Oscar is pining, for the first time in his short life.

his grandparents, Dave’s parents, were here visiting last weekend. a good time was had by all, especially those under three feet tall. Grandmaman and Grandpapa treat the boy like the sun in the sky, and he rises to the occasion, demanding and beguiling their attention from the moment he wakes to the bedtime story Grandmaman weaves for him, rocking in her lap. between them and his Nannie, my mom, his is an embarrassment of grandparental riches. and this is what we moved home for, really, after all those years of vagabonding…the blessing and bounty of seeing our parents with our child, our children, seeing him loved like that. we got lucky.

’til now, Nannie, the local grandparent, has been the one who got most of the glory from O. he learned to say her name over a year ago, one of his first words, and insists that i remind him that Nannie loves him, every night before he goes to sleep. the two of them go on playdates to her place every couple of Saturday mornings, wherein my serious, proper mother apparently dons plastic fire helmets and cavorts around like a banshee. O came home a few weeks ago telling tales of “wheee!” and “Nana!” and when i asked him, disbelieving, if he was trying to tell me that Nannie drove fast, he was most earnestly affirmative. my mother, who stops three feet early in intersections and pumps her brakes in July. with her grandson, she’s a wildwoman. he adores her.

but poor Grandmaman and Grandpapa, though O’s always enjoyed them, haven’t held quite the same presence in his mind until now. Oscar sees them every month or two in person, and has since birth, and waves to them even more frequently on the webcam. they’re topics of conversation in our house, but until this weekend, Oscar’s filial love for them has been of the “out of sight, out of mind” variety.

no longer.

since the moment they left Monday morning, Oscar has been looking around corners and waking up at night, asking hopefully, “Wama? Bapa?” he had never really had a word for Grandmaman before this week, so that when he first asked for her i thought he was asking for his lovey, his stuffed rabbit…a substitution which affronted and exasperated O most intolerably. he misses them. he feels their absence, and it is new to him, and weighty. there’s a look on his face that i’ve never seen before…he’s wistful, uncertain. he knows they’re not just down the road, somehow…that this is different from when Nannie goes home and comes back tomorrow or in a couple of days. they were here, in our house, and now…they’re not. and the house itself seems as if it’s emptier, for him, no longer sufficient just to us three. i ask him if he feels sad, and he says yes, and there are hugs, and extra webcam visits with New Brunswick, but still…for the first time, i am watching my child cope with the feeling of loss, with the sadness of not having someone you love nearby.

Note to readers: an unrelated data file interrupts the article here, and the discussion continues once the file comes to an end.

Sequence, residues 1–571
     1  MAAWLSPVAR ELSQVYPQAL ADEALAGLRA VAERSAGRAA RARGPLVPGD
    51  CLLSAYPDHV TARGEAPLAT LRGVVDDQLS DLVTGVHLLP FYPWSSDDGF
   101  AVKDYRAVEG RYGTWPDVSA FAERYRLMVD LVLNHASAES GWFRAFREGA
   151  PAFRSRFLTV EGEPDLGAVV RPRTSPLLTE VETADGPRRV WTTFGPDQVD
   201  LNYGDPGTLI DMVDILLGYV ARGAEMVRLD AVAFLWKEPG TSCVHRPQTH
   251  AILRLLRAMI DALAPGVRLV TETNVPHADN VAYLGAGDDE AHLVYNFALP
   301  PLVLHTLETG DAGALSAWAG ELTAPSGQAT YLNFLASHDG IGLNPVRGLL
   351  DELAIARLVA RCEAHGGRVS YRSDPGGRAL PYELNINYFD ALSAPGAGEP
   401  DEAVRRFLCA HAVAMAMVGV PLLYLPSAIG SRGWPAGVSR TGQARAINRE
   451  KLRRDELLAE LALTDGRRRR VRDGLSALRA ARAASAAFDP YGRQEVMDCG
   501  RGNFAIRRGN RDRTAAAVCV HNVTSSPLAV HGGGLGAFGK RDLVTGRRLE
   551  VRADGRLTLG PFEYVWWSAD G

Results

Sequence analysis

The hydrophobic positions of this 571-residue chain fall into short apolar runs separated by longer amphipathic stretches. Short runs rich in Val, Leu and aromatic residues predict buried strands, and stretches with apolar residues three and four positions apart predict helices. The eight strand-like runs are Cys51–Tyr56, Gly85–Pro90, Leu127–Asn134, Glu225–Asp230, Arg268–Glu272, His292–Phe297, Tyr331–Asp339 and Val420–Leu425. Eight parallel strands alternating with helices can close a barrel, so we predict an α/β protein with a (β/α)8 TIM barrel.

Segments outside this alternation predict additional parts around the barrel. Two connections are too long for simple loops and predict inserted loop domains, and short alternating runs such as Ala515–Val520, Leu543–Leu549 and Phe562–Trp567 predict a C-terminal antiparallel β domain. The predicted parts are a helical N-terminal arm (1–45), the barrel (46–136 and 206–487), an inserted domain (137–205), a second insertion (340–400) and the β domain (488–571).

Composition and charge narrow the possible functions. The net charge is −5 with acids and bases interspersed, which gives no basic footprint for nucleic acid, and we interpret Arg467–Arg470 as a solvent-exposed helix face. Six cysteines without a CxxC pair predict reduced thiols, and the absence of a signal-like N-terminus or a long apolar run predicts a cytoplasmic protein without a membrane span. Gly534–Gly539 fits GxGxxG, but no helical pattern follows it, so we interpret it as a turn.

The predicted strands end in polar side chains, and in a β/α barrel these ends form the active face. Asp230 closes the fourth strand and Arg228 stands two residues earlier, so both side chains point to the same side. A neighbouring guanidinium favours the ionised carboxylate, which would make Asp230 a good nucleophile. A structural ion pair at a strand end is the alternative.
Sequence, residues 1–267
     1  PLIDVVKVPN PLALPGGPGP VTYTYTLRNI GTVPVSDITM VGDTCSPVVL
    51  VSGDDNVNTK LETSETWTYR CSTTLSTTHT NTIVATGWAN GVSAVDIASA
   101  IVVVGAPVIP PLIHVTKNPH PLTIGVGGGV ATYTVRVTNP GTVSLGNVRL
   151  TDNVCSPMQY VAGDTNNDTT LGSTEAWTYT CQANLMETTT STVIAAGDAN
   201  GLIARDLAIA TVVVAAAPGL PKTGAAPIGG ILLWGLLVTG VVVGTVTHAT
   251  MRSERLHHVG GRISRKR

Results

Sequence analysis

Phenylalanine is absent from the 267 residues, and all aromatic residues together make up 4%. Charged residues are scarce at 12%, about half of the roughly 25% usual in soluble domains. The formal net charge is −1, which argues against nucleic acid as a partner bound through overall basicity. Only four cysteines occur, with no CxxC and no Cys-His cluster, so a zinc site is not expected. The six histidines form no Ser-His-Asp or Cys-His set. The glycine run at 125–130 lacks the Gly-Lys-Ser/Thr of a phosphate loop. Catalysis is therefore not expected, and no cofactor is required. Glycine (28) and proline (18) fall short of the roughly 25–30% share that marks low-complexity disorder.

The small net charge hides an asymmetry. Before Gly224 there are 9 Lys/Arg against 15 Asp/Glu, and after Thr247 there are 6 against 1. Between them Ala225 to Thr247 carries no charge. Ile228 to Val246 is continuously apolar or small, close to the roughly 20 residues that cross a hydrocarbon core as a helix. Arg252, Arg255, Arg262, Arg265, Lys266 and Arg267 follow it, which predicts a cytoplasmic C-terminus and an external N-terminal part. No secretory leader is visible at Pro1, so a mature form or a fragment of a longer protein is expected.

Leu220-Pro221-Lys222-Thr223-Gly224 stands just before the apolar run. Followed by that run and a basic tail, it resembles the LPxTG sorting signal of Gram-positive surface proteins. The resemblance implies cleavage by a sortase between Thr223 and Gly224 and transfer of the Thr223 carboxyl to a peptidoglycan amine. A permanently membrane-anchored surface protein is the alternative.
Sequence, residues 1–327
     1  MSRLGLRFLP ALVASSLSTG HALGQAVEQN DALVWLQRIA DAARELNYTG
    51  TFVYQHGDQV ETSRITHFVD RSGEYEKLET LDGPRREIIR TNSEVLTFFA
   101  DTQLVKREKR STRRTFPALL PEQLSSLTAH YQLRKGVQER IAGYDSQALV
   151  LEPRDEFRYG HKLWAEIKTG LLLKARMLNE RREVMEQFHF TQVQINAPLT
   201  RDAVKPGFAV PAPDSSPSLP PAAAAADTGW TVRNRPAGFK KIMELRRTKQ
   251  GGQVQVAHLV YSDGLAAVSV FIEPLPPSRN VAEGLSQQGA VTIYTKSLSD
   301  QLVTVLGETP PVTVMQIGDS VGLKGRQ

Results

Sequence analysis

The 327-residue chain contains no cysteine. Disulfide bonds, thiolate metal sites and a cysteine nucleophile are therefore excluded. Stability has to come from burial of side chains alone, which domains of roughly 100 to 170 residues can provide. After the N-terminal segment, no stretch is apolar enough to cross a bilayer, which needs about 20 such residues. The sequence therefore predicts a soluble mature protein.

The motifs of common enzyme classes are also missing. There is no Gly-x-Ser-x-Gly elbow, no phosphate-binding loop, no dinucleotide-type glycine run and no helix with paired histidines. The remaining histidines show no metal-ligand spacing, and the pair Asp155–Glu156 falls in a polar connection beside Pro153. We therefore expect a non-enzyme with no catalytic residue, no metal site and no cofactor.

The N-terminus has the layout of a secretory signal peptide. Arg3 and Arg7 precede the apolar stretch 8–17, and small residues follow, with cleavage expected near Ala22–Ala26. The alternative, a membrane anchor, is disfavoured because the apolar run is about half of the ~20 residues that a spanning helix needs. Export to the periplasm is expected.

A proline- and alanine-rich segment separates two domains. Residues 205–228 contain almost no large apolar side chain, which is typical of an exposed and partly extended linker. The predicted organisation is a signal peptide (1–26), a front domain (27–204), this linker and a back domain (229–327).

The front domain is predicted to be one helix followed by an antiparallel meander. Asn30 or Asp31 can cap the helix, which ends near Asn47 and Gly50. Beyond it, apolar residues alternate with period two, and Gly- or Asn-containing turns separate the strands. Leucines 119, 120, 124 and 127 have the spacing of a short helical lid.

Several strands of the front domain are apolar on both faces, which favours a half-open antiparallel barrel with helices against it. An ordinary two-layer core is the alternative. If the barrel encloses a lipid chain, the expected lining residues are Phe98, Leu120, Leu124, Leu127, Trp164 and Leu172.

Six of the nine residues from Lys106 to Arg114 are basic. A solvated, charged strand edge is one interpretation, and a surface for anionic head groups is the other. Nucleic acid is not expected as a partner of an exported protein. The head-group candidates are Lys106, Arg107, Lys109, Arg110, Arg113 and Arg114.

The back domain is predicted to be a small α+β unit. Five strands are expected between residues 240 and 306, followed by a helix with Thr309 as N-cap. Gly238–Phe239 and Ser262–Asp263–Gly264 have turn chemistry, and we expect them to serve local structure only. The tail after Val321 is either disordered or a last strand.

and i know this is a gentle way to learn, and i am grateful. but the high, sweet voice that calls out “Wama!” as if he really believes that maybe we’ve just been hiding her under the cushions all week? it reminds me how much crushing it takes to make it to adulthood, makes me want to lay my body down over him and keep him safe from hurt, keep him small like this, where the saddest thing he’s ever known is that his wonderful Grandmaman and Grandpapa went home for a bit, and will be back next month.

and makes me wonder, too, just a bit, if i was ever that small, and that innocent.